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Adobe Visual Communicator 3 Visual Presentation Software Review

Adobe Visual Communicator 3 Visual Presentation Software Review

Streaming Video Made Simple... Adobe Visual Communicator 3 turns your computer into a production studio with streaming video capabilities.

Streaming Video Made Simple

Adobe Visual Communicator 3 fits the needs of the web video producer who wants to quickly and easily create content. It's especially ideal where the producer needs to rely on a script and where the production cycle is reoccuring, such as with video podcasting and vlogging. It has a lot of bells and whistles that give the user the potential to create video above the standard quality expectations of online video (i.e., home videos on YouTube). At $399 (upgrade $149), it's not for people testing the web video waters, but the educational price ($169) makes it approachable for students and educators who want to experiment. The application is powerful and user-friendly, but the additional styled themes, music and graphics are somewhat outdated. It appears that this old Serious Magic software may not have had a full makeover when Adobe took over several years ago. However, for the web professional or serious hobbyist, we suspect you'll want to bypass the styled themes for your own branding.

Install It All

The install was a snap. We advise installing the additional content, so you can identify what's possible. To be fair, there are a few gems you can use for a variety of projects. We tested the software on an HP Pavilion zd8000 running Windows XP with an Intel P4 2.8GHz processor, 512MB RAM and ATI Mobility Radeon X600 graphics card.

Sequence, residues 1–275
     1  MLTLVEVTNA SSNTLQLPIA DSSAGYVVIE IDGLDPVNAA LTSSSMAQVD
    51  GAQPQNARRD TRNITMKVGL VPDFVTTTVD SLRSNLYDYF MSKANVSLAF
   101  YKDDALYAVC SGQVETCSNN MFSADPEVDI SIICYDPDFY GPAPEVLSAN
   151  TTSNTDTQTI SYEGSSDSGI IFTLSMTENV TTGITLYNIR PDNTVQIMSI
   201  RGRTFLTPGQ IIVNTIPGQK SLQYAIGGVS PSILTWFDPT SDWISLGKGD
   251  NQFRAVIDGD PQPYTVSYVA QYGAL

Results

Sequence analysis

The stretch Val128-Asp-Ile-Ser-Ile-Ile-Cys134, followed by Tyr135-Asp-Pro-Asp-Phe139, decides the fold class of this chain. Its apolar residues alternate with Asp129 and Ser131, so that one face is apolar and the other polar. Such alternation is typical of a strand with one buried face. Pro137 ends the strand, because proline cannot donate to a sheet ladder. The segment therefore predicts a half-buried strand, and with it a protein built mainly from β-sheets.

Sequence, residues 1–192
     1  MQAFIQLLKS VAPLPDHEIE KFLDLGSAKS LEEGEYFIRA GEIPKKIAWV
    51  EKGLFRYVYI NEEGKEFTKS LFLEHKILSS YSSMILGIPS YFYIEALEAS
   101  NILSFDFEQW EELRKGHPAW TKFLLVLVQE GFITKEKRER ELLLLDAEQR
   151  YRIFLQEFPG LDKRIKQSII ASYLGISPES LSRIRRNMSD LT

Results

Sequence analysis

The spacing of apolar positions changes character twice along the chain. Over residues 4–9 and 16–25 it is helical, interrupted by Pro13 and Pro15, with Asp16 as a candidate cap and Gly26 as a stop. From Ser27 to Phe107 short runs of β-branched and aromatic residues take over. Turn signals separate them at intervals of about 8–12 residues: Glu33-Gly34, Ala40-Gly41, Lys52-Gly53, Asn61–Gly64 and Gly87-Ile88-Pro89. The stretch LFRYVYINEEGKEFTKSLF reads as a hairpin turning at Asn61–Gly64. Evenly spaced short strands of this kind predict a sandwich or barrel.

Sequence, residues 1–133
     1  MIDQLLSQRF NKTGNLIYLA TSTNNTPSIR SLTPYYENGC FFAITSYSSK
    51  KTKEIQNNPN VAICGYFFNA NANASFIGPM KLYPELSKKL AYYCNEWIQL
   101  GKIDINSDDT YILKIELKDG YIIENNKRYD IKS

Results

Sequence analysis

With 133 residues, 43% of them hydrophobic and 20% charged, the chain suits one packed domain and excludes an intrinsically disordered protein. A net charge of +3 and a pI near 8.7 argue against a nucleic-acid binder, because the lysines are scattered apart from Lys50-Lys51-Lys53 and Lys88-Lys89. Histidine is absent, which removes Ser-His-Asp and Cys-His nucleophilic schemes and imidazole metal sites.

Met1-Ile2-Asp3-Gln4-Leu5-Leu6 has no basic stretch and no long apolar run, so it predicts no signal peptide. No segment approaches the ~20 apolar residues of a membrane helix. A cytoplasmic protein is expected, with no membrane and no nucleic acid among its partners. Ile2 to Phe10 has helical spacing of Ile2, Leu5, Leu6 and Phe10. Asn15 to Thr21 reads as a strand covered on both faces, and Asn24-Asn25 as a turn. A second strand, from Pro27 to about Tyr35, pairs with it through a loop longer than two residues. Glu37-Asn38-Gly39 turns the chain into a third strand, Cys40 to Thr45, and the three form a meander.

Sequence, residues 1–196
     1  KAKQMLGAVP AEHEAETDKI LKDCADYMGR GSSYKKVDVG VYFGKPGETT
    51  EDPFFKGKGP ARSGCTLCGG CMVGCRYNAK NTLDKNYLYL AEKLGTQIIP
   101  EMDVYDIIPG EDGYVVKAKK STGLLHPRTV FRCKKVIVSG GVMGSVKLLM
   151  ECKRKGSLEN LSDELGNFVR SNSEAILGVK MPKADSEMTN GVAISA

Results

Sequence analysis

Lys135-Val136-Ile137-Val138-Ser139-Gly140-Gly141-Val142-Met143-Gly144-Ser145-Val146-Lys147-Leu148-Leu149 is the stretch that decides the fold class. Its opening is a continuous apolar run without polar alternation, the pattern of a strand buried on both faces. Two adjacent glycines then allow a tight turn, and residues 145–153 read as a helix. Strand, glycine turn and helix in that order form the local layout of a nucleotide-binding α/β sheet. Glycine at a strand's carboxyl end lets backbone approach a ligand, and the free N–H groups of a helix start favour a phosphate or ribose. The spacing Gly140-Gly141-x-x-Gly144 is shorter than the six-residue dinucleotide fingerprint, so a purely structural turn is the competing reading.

GUI Overview

The GUI is well laid out. It's focused on giving you the ability to be both program director and on-camera talent. In the left corner is the preview monitor, which shows you how the graphics and video will play out and also plays the role of the program monitor for rehearsal and playback, giving you a live view of the program video. To the right of the preview monitor are the TelePrompTer and the vertical bar that holds the titles, effects and graphics. These two scroll together during your production. This brilliant part of the software allows the talent to read the script via an easy-to-read TelePrompTer, with upcoming visual changes scrolling upwards. In this method, timing is everything, and the Rehearse and Review buttons are key to fine-tuning your delivery.

The next bunch of GUI windows gives the user full control of settings, media and effects. Here the GUI seems a little crowded, mostly because of so many options. On the left-lower side are the main program details, from project information to individual visual-effect controls. On the right-lower side, a basic browser window gives you instant access to all critical media, effects, styles and more. The oversized program clock at bottom left counts up during rehearsal and recording and reminds us of one important web video quality: brevity. We really like this feature.

In the Control Room

Attention to detail shows in Visual Communicator 3. We quickly found a few favorites. First, the advance setup for video sources is a nice touch, allowing you to adjust the video image from a webcam or video camcorder. You can adjust brightness, color, contrast and more to give incoming video the necessary adjustments, so that it really pops. Manipulating the lighting is your best bet for creating stunning images.

V-Screen, a greenscreen utility, pulls a key from a live video source quickly and easily. Put up a green sheet, and V-Screen creates an alpha channel and runs a new graphic, dynamic animation or video. If the key isn't perfect, the advanced features make it cleaner.

In Action

We quickly set up a Sony HDR-FX1 via FireWire to a laptop. If you plan to use a high-definition camcorder, make sure you can switch it into standard-definition mode. Visual Communicator 3 won't accept HD signals. It takes video inputs from FireWire and USB, as well as from an embedded webcam. We preferred an external camcorder for control of lens length and positioning, although the other options are perfect for schools or for down-and-dirty, quick setups. Mixing three input sources gives advanced users plenty of possibilities.